Along with the hats and gloves, there was another surprise we knew would be hidden in our shoes every St. Nick’s morning:  candy cane pens.  Shaped like candy canes with peppermint scented ink, they were an annual favorite—and they actually wrote really well.  And they’d last all year.  Those candy cane pens had to be the highest quality piece of holiday kitsch ever manufactured.

Another annual requirement was the ornaments.  Every year, a new Christmas ornament would be in our shoes on St. Nick’s Day, and Dad would write the year on the ornament.  That was the kind of forethought only a father has.  It’s parents who really live with an eye toward the future.  To look at those ornaments now, to touch them and re-live the memories they bring back, is wonderful—and also potentially frustrating if you couldn’t place those memories in the context of your life.  But thanks to Dad you can turn the ornament over in your hands and see the date on the bottom and say, “Ah yes, 1978, the year of the blizzard, I remember I was just 11 years old and . . .”  It’s amazing the power those tactile connections with our past have, their ability to put us right back in that place and time, with all its sights and sounds and smells.

Then there were the nifty little shoe sized gifts that changed every year but were always a delight.  Things like miniature drawing pads and pencils.  One year I got a pen with a radio in it.  It was a real pen that really wrote, and it had a digital radio built into the handle, plus it came with headphones.  I still have that one too.  There was just something about all those clever little items Mom found to fit in a shoe that appealed to the imagination.

And of course there were the chocolate gold coins, harkening back to St. Nicholas’ gifts to the poor.  The saint worked in secrecy, under the cover of night, leaving anonymous packages of food and money for those in need.  And his secret missions of charity not only helped, they also inspired.  As I’ve heard the story, St. Nick was the Bishop of Smyrna in present day Turkey, and when he saw people in need, he took it upon himself to give them his own food and money.  But it was the way he did it that added the touch of romance which still captivates hearts and inspires wonder today, over a thousand years later.  Because old Saint Nick snuck around at night like a mitered ninja, leaving his gifts anonymously.  No one knew who was doing the good deeds.  His secret saintly style caught on, and soon other townspeople were doing the same thing, leaving their own clandestine gifts for their neighbors in need.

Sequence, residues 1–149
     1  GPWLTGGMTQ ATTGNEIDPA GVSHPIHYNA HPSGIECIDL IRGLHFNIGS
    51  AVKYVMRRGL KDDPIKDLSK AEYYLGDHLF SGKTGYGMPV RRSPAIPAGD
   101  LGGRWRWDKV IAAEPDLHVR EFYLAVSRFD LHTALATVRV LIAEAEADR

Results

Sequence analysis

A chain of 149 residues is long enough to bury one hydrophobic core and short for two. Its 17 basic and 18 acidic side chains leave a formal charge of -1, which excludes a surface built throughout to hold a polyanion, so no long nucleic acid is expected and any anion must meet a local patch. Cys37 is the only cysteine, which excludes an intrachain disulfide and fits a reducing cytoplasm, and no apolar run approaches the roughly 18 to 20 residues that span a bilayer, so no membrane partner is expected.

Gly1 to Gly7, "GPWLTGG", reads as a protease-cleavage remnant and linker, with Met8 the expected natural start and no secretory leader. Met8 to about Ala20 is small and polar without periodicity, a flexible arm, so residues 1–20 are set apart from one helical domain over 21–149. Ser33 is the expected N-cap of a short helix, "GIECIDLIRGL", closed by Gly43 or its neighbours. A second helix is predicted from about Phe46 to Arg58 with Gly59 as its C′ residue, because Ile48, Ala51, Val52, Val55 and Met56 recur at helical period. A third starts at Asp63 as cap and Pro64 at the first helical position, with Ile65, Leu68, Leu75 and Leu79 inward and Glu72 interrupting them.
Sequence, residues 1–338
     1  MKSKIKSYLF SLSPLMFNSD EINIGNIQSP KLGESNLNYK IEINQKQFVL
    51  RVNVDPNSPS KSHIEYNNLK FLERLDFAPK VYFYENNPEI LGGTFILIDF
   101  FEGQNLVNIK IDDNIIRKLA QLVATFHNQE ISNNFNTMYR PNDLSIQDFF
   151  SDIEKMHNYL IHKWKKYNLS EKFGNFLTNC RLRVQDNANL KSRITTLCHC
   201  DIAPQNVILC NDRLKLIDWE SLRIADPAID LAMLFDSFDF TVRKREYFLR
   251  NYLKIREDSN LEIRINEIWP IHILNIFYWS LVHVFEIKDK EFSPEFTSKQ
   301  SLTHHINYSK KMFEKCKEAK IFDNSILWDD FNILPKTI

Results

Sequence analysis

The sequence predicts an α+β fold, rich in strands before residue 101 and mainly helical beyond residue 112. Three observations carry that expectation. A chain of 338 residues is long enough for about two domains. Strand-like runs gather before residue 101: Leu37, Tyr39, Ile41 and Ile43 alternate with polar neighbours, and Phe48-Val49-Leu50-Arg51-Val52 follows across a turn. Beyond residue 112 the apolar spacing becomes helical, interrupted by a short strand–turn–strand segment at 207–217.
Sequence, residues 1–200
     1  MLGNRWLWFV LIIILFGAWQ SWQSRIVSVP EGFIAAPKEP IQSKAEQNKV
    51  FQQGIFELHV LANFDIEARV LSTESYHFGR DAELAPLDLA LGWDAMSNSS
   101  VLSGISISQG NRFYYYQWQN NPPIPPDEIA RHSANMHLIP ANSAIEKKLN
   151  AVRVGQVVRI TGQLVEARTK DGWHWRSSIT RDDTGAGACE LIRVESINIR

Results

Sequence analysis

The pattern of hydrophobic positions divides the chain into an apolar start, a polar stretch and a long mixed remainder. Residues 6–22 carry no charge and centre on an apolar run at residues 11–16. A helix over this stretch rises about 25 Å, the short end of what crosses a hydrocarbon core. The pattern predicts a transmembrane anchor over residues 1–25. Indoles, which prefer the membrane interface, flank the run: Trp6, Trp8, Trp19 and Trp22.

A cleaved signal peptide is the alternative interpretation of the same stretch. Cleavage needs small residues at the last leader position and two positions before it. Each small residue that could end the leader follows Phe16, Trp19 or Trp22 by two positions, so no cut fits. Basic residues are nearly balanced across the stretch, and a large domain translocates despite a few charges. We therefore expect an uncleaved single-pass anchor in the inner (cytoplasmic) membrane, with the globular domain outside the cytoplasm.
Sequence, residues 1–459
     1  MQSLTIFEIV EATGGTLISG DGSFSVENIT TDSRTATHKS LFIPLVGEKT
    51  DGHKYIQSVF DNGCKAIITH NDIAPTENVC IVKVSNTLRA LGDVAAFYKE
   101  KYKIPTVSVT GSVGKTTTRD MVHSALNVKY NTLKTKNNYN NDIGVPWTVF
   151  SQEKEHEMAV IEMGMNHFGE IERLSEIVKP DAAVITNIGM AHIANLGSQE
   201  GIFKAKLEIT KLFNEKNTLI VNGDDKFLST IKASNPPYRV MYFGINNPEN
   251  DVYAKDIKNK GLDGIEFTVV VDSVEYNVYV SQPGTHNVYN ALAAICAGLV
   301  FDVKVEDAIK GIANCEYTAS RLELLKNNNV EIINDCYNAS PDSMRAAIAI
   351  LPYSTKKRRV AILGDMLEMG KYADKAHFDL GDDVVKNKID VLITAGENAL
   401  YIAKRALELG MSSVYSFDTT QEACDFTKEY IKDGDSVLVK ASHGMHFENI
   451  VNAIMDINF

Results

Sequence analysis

St. Nick’s secret-agent-inspiration was the extra something special that, as Scripture says the Lord does for us, “buoys up the spirit, and brings a sparkle to the eyes.”  Sir 34, 17.  It makes me thing of Mother Teresa’s advice to “do small things with great love.”  It’s the kind of extra investment of the self that can transform mere blankets into Forever Hugs, stitched through and through with love and prayers.  Which is what made those St. Nick’s Days so special—the love and care and imagination that Mom and Dad invested of themselves to fill the soles, and hearts, of eight little souls entrusted into their keeping.  The real joy of the holidays is that gift of self.  I still have the hats and ornaments and radio pens from those St. Nick’s Days, but I think the memories, and the warmth, and the sparkle in the eyes from those snowy mornings, will last even longer.

Jake Frost is the author of Catholic Dad, (Mostly) Funny Stories of Faith, Family and Fatherhood to Encourage and Inspire , also available as a $0.99 e-book on Amazon.  He is a lawyer in hiatus, having temporarily traded depositions for diapers and court rooms for kitchens to care for his pre-school aged children.  He comes from a large family in a small town of the Midwest, and lives near the Mississippi River with his wife and kids.